Great content can drive customer engagement, but it also can drive transactions. Is your content optimized for both?
The formula for successful social media marketing starts with the right mix of content, then establishing connections (with your audience), and getting this audience to tell your story via word of mouth. But this is just a starting point. How do we move beyond individual campaigns to use our full range of content assets to foster and build sustainable communities? And how do we tap these communities to sell more stuff and drive multichannel social commerce?
To answer the first question, we need to consider how social networks and communities often developed. In the case of Facebook, many initial members joined because they wanted to reconnect with old classmates or share everyday experiences. But over time the most popular activity has become uploading (more than 250 million per day), sharing, and commenting on photos, which in turn attracts new members with their own updates and photos, and so on. So growth was a function of both personal connections andsharable content.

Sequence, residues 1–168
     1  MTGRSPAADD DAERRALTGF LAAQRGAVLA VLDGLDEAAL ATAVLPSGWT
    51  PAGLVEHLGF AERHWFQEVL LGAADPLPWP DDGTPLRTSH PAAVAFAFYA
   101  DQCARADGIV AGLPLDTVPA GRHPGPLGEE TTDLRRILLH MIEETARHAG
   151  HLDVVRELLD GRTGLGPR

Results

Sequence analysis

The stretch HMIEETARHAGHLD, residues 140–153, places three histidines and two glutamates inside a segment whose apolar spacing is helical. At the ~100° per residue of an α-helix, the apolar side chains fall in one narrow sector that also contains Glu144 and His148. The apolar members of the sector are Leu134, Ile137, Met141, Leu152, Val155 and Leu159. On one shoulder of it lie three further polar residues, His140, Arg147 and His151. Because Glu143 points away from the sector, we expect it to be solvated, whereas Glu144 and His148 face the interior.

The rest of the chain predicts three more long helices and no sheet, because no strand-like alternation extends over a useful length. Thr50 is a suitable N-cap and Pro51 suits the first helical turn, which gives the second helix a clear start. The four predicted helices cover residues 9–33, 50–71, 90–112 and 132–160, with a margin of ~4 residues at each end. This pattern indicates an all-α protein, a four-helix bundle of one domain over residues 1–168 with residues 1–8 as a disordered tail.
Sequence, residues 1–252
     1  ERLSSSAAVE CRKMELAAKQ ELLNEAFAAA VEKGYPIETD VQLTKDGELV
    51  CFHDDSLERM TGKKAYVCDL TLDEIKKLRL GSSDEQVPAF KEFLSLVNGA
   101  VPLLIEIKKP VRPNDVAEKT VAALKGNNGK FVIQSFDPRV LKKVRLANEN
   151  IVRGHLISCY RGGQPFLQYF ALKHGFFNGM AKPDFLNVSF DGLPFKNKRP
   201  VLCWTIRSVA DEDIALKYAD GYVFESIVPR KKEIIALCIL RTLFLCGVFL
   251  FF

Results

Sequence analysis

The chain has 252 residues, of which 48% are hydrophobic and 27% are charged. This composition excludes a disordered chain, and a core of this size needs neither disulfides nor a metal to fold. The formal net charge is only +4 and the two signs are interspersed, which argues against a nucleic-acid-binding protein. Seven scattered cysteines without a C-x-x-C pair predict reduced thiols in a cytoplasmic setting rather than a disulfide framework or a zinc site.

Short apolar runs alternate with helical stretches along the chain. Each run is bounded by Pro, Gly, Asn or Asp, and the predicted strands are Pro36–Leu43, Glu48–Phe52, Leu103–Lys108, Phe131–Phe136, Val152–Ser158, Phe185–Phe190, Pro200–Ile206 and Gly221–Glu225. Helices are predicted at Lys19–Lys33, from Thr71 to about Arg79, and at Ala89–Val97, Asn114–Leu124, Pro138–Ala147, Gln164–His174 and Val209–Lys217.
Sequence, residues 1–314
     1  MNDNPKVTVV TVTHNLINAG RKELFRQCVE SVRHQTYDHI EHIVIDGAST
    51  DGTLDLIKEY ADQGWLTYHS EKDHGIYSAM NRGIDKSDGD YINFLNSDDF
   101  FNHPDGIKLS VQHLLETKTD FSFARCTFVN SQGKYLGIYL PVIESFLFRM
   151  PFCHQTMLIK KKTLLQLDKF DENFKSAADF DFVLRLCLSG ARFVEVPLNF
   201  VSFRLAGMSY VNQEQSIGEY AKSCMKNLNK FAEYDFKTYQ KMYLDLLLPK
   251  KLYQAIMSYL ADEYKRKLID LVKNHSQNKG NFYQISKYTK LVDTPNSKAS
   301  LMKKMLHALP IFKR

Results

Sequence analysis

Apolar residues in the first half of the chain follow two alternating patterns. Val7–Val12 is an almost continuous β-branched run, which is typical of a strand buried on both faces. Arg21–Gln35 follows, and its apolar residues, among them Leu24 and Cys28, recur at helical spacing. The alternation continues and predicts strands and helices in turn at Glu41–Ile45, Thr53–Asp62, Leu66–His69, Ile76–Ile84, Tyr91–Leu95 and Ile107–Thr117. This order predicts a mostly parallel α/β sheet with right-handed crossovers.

Beyond photos, sharable content can take many other forms, like news articles, videos, and consumer reviews, or even apps or tools. I recently started using Spiceworks, a business-oriented social network for IT professionals with more than 1.5 million members worldwide. Spiceworks launched with free network management and IT productivity tools for SMB IT pros, expanded to include user forums, and now offers social commerce, as well. Just like Facebook, people initially came for the content, but they stayed for the community.